The first attempt in forty years to explain the full subject of psychiatry, from one of the world’s experts.
In what will be a tour de force in the field of psychiatry in all its complexity and depth, this important new volume explores the essential paradox of psychiatry—and offers a balanced understanding of its history and development in the medical world. Much is written about psychiatry, but very little that describes psychiatry itself. Why should there be such a need? For good or ill, psychiatry is a polemical battleground, criticized on the one hand as an instrument of social control, while on the other the latest developments in neuroscience are trumpeted as lasting solutions to mental illness.
Which of these strikingly contrasting positions should we believe? This is the first attempt in a generation to explain the whole subject of psychiatry. In this deeply thoughtful, descriptive, and sympathetic book, Tom Burns reviews the historical development of psychiatry, throughout alert to where psychiatry helps, and where it is imperfect. What is clear is that mental illnesses are intimately tied to what makes us human in the first place, and the drive to relieve the suffering they cause is even more human.
Psychiatry, for all its flaws, currently represents our best attempt to discharge this most human of impulses. It is not something we can just ignore. It is our necessary shadow.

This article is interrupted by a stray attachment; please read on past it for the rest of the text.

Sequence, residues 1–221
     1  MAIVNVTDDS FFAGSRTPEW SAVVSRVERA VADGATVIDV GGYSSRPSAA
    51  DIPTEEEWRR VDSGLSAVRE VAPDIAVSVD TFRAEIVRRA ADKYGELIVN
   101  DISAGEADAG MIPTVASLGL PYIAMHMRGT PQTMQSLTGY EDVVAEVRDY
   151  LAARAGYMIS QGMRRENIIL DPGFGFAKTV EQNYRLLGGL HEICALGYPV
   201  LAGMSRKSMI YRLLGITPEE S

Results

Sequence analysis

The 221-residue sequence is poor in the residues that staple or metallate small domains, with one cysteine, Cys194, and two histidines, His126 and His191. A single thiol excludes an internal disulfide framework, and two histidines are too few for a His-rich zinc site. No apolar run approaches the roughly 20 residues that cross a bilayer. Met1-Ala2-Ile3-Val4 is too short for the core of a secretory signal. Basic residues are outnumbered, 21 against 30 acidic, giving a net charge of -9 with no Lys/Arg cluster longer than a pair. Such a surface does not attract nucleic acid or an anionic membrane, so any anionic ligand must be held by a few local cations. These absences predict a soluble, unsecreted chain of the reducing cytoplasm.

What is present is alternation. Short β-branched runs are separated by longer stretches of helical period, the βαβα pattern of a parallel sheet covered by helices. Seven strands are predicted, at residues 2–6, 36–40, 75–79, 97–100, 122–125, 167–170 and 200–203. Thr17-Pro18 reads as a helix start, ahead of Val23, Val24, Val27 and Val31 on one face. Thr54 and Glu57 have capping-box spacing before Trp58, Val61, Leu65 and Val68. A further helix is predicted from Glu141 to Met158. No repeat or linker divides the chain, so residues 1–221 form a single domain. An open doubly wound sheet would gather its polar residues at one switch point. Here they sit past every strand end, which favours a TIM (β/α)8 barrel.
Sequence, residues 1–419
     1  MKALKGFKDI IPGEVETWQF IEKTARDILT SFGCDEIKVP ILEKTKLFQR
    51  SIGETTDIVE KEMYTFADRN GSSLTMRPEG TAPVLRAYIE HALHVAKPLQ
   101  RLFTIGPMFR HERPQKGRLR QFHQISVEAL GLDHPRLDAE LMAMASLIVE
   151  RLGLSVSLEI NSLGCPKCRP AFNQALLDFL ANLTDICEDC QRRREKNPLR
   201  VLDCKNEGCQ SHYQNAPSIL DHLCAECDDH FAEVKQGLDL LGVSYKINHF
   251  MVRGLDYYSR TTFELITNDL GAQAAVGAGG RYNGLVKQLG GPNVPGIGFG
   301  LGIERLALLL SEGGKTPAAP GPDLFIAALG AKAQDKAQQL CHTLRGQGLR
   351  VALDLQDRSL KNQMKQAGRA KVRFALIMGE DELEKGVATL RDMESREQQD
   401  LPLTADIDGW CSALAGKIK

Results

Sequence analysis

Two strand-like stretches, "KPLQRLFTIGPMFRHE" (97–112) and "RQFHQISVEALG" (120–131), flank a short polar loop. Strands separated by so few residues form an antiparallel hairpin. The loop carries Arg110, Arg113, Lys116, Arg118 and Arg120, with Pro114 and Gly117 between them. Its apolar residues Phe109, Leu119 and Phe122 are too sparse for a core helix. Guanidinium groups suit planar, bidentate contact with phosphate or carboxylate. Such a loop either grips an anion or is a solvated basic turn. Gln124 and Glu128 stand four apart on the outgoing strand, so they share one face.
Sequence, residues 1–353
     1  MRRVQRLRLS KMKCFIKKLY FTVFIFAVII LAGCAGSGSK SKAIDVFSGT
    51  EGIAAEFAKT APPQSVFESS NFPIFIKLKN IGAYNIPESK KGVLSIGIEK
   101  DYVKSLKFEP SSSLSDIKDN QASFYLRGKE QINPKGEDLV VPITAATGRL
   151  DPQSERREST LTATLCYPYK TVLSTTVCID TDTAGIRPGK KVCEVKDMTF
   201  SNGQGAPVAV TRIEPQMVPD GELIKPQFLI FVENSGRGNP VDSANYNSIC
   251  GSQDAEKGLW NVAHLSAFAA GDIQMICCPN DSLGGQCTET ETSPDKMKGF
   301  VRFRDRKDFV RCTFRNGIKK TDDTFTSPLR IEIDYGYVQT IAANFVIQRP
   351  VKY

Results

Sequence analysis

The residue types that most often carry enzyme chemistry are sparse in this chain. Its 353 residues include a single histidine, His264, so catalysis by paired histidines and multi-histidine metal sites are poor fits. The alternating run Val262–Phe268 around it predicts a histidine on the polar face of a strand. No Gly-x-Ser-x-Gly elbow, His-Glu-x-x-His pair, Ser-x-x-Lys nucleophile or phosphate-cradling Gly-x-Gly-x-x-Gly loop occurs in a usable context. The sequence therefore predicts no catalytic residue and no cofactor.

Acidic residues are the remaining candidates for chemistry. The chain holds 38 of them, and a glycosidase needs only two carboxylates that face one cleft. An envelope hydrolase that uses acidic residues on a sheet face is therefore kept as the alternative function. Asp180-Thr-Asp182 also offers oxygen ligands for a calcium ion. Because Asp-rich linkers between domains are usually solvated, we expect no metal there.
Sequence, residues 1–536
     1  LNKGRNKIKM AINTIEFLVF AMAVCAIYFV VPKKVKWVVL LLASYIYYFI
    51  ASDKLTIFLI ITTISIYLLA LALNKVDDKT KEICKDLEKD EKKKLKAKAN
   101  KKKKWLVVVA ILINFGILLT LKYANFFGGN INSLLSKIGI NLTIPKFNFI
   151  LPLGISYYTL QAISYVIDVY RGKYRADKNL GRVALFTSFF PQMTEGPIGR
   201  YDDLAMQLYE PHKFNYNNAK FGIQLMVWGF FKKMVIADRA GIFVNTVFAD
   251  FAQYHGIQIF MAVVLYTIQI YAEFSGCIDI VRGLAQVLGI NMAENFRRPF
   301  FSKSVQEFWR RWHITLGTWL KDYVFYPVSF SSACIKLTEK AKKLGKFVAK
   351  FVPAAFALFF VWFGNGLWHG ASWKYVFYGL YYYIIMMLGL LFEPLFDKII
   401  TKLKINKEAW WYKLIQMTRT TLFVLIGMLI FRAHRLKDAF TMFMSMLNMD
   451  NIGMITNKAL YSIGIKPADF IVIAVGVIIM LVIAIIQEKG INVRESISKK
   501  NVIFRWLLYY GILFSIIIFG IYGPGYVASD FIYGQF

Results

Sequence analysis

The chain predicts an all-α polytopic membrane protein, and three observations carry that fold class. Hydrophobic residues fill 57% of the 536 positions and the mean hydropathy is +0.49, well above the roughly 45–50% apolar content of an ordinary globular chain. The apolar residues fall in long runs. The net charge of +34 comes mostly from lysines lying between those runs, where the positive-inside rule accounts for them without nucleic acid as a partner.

Burns, professor of social psychiatry at Oxford and a practicing psychiatrist, looks at psychiatry and mental illness as a subjective phenomena, yet nonetheless "real" to its subjects and participants. By examining the shadow that psychiatry and psychotherapy cast on other aspects of culture, he reveals the practices to be historically contingent part of, though frequently at odds with, other branches of medicine as well as how they have come to define our concepts of personhood, daily life, our legal system, and our view of fate. The book begins as a history of the treatment of mental illness, from humors and asylums to the "discovery of the unconscious," psychoanalysis and shell shock, and the early, grisly medical cures (insulin wards and malarial treatment of syphilis) of psychiatry. Burns puts forth no defense of psychiatry's past sins, but is confident in the value of the newly open, evidence-based treatment of mental illness that typifies 21st-century care. While his early chapter on seeking psychological care seems misplaced, Burns's focus on psychology's operations in our larger culture is provocative, well-researched, and well-suited to interested lay readers looking for insight into medicine and the mind.